Dit interview met voormalig VN-gezant in Sudan (2004-2006) Jan Pronk maakte ik voor Radio Netherlands Worldwide.
The Western world is turning a blind eye to the slaughter in the Sudanese region South Kordofan, says former UN Special Representative in Sudan Jan Pronk. He led the UN peace-keeping operation in Sudan from 2004-2006. According to Pronk, it’s time for the United Nations Security Council to act.
How do you explain the current crisis in South Kordofan?
Jan Pronk: “The Comprehensive Peace Agreement has led to the independence of South Sudan this summer. But not everything has been settled in the peace treaty, in particular, the status of three specific areas in Sudan inbetween the north and the south: Abyei, the Nuba Mountains – or South Kordofan – and Blue Nile.”
“After South Sudan became an independent state, these three areas more or less ended up in a vacuum. The struggle continues, mainly in Abyei and the Nuba Mountains. Abyei is the area where the war between the north and south began. The rebels in South Kordofan, continue to fight for independence.”
Is a new genocide taking place?
Jan Pronk: “The northern forces are killing people on a large scale. We shouldn’t be asking whether or not they are carrying outs acts of genocide in South Kordofan. We need to stop the violence and the slaughter now!”
“The Southerners are being bombed and killed. The northern forces are using more or less the same tactics as they always did in the south: killing people in villages, bombing villages, killing people on horseback – exactly what they did in Darfur and continue to do in Darfur. The same tactics!”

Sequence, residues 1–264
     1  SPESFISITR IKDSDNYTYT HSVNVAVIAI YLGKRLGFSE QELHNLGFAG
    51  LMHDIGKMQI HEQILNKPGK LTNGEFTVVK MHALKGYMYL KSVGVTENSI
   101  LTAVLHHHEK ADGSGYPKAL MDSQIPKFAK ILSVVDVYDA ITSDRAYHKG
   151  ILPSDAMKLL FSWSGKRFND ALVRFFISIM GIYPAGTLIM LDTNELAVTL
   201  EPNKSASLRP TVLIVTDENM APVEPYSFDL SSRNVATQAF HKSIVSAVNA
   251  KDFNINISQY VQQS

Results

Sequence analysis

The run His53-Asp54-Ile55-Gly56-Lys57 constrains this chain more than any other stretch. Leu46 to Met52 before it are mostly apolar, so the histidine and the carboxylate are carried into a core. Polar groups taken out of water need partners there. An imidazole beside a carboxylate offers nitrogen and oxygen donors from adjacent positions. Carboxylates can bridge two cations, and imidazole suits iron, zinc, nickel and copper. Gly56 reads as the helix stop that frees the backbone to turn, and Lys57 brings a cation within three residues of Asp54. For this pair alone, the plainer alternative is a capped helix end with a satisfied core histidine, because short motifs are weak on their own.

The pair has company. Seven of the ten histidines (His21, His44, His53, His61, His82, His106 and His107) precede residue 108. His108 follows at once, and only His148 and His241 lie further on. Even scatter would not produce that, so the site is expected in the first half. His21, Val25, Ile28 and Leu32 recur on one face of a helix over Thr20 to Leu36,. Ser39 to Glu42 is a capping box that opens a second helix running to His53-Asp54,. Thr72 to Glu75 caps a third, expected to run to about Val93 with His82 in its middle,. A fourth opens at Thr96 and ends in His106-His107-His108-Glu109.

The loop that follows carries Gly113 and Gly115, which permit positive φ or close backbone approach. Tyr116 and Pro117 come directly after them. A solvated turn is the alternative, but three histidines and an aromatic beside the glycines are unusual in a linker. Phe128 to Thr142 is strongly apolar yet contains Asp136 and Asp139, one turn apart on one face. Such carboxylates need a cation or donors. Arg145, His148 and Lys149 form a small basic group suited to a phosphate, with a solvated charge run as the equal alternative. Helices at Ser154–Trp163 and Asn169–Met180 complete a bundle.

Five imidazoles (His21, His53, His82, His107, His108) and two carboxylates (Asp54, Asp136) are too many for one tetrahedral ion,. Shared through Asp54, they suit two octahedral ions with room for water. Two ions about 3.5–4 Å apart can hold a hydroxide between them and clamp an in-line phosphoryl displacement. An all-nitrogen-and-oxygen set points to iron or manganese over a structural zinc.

What should the international community do to protect these people?
Jan Pronk : “I’m afraid that the West at the moment is turning a blind eye to what’s going on in South Kordofan, because the West is afraid to irritate al-Bashir. They need al-Bashir to maintain some stability over the implementation of the 2005 peace treaty. They need him to respect the independence of South Sudan.”
“The South doesn’t give much support to the populations of these three areas because they are afraid that if they give support to these people – military or political – it will be the start of a new war between the north and the south.”
So what about the United Nations?
Jan Pronk: “We should definitely do something. What is happening at the moment is not in accordance with the peace treaty. The United Nations Security Council should take steps to continue working with the peace force UNMISS (United Nations Mission in Sudan) and give it a chapter seven mandate, which means a mandate to protect people against the will of the leaders over there. That’s a decision that has to be taken by the Security Council.”
“But you first have to put the issue on the agenda of the Security Council. I know it’s difficult because the Chinese and the Russians are perhaps very good friends with al-Bashir. But the Americans are also very good friends with al-Bashir. That means that the Europeans should put the issue on the agenda.”
“It’s difficult because at the moment there are so many issues on the agenda of the Security Council. I can understand that some countries say: It’s too much. We cannot deal with everything. But they have to understand that not dealing with issues like this also makes them responsible for the victims of non-action.”